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This article was published on January 16, 2014

What to expect from Twitter in 2014

What to expect from Twitter in 2014
Jon Russell
Story by

Jon Russell

Jon Russell was Asia Editor for The Next Web from 2011 to 2014. Originally from the UK, he lives in Bangkok, Thailand. You can find him on T Jon Russell was Asia Editor for The Next Web from 2011 to 2014. Originally from the UK, he lives in Bangkok, Thailand. You can find him on Twitter, Angel List, LinkedIn.

We recently rounded up Twitter in 2013, and now it’s time to look forward to this year. What can we expect from everyone’s favorite 140-character messaging service in 2014?

The answer is really much of the same. Twitter is not a company that makes drastic changes, especially now that it is a listed entity, which will mean more of the same incremental pushes to emphasis multimedia within its service, develop its advertising business (and revenues), and develop its user experience.

More like Facebook than ever before

Back in November 2012, we predicted what Twitter would look like in the future.

We’re not there yet and the mock up of the future (below left) is an extreme example, but increasingly we see more in-tweet content appearing in our Timelines (mine is to the right below), particularly if you live in a country where Promoted Tweets are well used (I don’t.)


Essentially, we can expect Twitter to make our streams more ‘interactive’, with more content flashing up by default.

For example, most images or link previews require you to click ‘expand’ to see them, that could be something that becomes default, in the same way that images and videos hosted by Twitter and Vine have popped up automatically since October. For now though, that is unlikely, since that exclusivity gives more emphasis to Promoted Tweets, many of which use Twitter-hosted images.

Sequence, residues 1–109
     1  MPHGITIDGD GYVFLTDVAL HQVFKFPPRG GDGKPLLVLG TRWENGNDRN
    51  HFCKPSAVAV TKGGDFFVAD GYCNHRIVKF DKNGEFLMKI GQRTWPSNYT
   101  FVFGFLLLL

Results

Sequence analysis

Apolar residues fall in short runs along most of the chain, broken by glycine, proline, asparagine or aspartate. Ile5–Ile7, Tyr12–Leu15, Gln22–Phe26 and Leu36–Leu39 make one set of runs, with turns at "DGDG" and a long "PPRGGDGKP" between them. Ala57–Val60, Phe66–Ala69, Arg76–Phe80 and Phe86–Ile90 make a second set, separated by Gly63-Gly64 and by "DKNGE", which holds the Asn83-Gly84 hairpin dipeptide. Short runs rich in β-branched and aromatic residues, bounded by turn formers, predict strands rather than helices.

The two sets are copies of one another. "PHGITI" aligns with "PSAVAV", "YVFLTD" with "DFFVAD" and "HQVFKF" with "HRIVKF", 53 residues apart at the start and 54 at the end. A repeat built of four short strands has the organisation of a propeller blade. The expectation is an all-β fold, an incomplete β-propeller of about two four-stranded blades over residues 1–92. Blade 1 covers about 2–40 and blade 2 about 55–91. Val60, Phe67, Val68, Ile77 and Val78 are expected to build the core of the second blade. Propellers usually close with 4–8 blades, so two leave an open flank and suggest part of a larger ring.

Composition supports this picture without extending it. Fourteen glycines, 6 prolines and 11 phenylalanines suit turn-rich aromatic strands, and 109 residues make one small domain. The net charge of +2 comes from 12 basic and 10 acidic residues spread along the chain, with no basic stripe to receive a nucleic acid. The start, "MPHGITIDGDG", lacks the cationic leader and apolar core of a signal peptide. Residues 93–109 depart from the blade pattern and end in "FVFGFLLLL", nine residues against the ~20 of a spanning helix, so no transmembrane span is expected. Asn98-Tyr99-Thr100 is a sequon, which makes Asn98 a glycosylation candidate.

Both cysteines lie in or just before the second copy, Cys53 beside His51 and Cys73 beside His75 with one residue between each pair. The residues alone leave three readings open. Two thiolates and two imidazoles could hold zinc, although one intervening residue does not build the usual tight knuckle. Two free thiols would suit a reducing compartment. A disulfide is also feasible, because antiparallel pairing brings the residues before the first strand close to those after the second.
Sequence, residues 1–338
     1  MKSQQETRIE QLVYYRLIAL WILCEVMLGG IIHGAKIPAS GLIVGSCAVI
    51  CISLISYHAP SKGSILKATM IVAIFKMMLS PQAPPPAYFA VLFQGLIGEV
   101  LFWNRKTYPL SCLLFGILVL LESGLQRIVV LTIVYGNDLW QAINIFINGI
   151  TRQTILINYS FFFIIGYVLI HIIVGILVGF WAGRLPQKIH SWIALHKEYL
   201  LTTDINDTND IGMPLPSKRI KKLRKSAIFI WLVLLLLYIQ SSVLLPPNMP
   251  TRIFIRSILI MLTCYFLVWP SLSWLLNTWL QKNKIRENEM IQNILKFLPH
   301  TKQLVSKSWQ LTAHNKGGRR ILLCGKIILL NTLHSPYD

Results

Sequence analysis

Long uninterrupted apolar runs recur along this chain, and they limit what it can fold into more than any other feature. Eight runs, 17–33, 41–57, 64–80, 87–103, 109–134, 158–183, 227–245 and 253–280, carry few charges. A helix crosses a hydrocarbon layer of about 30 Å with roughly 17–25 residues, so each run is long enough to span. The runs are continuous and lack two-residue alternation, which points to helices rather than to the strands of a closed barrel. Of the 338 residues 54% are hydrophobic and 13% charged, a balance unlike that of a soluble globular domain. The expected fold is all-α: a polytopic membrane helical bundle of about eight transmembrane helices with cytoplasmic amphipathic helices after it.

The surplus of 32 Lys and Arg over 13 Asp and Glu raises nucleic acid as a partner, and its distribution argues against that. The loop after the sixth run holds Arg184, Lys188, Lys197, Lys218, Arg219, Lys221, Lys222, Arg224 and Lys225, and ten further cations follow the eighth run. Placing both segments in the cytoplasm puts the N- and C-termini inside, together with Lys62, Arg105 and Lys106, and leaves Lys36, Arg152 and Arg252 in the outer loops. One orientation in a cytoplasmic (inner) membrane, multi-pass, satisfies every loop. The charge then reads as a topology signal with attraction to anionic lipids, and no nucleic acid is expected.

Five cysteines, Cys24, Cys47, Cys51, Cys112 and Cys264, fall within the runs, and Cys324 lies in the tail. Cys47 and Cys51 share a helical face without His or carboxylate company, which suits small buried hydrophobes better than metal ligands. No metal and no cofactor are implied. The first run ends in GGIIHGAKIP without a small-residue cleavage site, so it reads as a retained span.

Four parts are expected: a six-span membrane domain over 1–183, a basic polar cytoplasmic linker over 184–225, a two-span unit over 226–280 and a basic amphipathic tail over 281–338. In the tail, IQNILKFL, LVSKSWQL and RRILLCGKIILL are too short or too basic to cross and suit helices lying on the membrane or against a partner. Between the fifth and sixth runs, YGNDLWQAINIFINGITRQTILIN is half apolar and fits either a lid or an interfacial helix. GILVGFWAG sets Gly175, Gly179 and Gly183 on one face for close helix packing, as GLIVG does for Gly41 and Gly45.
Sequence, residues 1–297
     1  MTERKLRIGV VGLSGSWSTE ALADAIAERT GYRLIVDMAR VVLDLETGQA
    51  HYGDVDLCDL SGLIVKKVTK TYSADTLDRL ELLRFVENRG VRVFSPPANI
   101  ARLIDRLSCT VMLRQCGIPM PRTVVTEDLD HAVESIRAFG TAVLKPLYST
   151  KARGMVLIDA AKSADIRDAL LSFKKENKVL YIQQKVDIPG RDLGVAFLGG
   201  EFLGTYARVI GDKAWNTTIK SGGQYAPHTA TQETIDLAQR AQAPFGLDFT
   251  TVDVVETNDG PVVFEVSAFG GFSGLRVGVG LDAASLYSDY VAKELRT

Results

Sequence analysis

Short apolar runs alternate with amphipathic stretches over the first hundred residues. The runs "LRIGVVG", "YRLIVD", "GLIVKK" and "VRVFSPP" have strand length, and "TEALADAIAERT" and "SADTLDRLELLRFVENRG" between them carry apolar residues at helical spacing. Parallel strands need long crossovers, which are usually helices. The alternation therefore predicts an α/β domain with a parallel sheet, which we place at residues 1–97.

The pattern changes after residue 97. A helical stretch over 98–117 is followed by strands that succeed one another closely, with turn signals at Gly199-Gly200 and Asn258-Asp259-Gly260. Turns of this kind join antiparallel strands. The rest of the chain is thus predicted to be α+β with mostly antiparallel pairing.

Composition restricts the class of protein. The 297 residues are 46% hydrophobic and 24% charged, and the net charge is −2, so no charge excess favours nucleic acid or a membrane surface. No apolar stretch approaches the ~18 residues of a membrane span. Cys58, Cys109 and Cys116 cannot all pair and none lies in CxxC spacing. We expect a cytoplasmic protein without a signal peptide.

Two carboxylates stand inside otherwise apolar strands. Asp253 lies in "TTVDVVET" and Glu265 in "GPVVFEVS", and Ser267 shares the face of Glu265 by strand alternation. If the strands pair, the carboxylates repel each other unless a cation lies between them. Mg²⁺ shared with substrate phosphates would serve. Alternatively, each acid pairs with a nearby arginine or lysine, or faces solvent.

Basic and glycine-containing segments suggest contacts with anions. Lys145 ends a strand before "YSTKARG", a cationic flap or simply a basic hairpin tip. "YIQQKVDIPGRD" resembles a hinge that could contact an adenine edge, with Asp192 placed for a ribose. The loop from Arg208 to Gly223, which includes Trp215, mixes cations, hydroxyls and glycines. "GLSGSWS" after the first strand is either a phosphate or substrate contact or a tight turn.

For many long-term Twitter users, the gradual move to Facebookize the service is unwelcome. Twitter is unrivaled as a platform for gathering and broadcasting information, and photos of cute polar bears — while being very cute — deflect attention from breaking news and other bulletins.

However, this is business and Twitter needs to broaden its appeal beyond power users. It needs to get those who are less engaged to be more active: both in terms of how often they visit to consume information and how regularly they tweet.

Push to become an attractive advertising platform

That segues nicely into priority number two for Twitter: revenue.

money cash

This year, more than ever since it is a listed company, Twitter needs to grow its income.

Unlike other services, Twitter has experienced little trouble adapting to the rise in mobile apps and smartphones. Its product is inherently suited to mobile, the only question mark hangs over its business model: can it provide a compelling platform for advertisers to reach consumers without disrupting the experience?

Twitter has earmarked TV and content as a particularly sweet spot for its business — a ‘global town hall’ — thus we can expect more broadcast-related deals. It’s also likely to continue to introduce new products — which now includes targeting via email addresses — and expand its existing suite of ad tools to more markets, particularly in Asia where, beyond Japan and Korea, it has little business presence, and Latin America.

We are also likely to see greater synergy with MoPub, the mobile ad exchange Twitter bought last year. Late last year, MoPub began offering ‘native’ ads in apps, which is essentially advertising that is branded as content within an app. So, in chat app Tango for example, ads can be bundled up to look like regular messages, helping them generate greater engagement than ‘spammy’ ads.


For now, the MoPub service is not integrated with Twitter’s own ad products, but it stands to reason that it will be at some point soon. Linking the two ad platforms could allow Promoted Tweets advertisers to tap into MoPub’s native ad product and expand their footprint into other apps too.

Distribution partnerships